national theatre munich germany

Although the destruction of the magnificent edifice was a big blow for the King and the entire city, finally the city of Munich took over the entire cost of rebuilding, amounting to 800,000 Guilders and under the direction of Leo von Klenze, the theatre was reconstructed within just two years, including a few Neo-Grec features, a Neoclassical Revival style of the mid-to-late 19th century.

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The restored building of the opera house was opened on the 2nd of January 1825, modified to create an enlarged stage area with updated equipments.

national theatre munich germany

Unfortunately, the restored building of the theatre was also destroyed during the Second World War, when explosives and fire bombs struck the building in the night of the 3rd of October 1943. However, this time, the Landtag, The State Parliament, opposed the rebuilding of The National Theatre for financial problems and in addition to that, the city planners wanted to remove the ruins completely and clear the site to make more room for a better transport service in the city. But the people of Munich fought back, as they wanted their National Theatre back. Their determined attitude soon gave birth to a citizen’s group called Friends of the National Theater in 1952, which won public support for the reconstruction of the theatre and started to collect funds for the purpose. Finally, it was decided to reconstruct the building, based on the original neo-classical design of Karl von Fischer and the project began in 1958.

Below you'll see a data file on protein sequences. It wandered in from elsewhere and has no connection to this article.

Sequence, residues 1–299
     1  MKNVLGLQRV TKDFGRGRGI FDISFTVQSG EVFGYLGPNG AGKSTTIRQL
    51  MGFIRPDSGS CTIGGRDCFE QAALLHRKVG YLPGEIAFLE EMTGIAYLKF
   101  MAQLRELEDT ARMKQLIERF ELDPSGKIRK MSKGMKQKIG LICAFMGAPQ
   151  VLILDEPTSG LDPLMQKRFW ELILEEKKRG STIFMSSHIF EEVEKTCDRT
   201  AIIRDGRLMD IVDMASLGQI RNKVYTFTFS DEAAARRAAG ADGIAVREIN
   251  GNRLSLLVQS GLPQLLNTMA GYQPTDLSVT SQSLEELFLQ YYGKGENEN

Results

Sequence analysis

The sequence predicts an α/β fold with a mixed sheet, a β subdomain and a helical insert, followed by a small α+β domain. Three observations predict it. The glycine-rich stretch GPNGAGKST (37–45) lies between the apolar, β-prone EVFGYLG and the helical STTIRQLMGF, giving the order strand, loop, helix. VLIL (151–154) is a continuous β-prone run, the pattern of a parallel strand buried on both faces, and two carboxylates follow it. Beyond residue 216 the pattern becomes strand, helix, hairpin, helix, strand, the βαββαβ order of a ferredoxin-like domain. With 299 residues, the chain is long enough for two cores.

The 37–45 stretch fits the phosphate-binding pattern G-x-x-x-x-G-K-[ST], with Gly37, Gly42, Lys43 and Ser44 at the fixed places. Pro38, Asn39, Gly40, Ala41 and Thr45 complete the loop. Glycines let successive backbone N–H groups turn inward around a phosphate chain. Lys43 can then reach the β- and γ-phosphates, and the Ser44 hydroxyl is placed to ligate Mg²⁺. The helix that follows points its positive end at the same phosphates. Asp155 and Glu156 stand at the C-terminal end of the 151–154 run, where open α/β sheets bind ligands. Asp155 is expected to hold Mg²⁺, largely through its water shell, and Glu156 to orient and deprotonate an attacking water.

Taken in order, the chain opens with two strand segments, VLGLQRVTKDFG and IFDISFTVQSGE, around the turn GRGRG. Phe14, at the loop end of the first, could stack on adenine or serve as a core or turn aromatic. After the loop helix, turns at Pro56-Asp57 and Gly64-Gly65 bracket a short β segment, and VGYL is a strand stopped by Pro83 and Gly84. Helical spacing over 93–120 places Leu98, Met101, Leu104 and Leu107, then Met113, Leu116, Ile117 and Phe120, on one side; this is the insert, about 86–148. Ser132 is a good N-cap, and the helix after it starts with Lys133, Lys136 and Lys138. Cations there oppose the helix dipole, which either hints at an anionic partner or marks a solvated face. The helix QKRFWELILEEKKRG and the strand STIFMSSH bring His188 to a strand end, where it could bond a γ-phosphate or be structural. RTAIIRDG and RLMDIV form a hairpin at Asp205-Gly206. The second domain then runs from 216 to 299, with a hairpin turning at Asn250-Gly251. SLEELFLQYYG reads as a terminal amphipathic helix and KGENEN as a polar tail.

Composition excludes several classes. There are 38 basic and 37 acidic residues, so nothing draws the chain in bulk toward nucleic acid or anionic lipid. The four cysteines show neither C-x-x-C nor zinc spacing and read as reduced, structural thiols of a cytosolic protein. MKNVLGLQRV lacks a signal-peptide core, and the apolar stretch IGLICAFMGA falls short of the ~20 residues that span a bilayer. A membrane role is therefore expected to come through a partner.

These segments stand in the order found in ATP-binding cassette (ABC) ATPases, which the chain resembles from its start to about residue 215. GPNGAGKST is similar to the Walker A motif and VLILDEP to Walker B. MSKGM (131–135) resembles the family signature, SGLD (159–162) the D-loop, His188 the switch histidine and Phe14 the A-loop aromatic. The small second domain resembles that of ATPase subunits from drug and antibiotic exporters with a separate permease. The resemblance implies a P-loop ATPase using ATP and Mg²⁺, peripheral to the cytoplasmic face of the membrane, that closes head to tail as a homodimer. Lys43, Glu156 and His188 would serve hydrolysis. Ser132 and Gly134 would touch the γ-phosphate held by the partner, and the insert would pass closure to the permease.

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After five years of work and cost around 62 Million Mark, the building was opened on 21 November 1963 with an invitation-only performance.

national theatre munich germany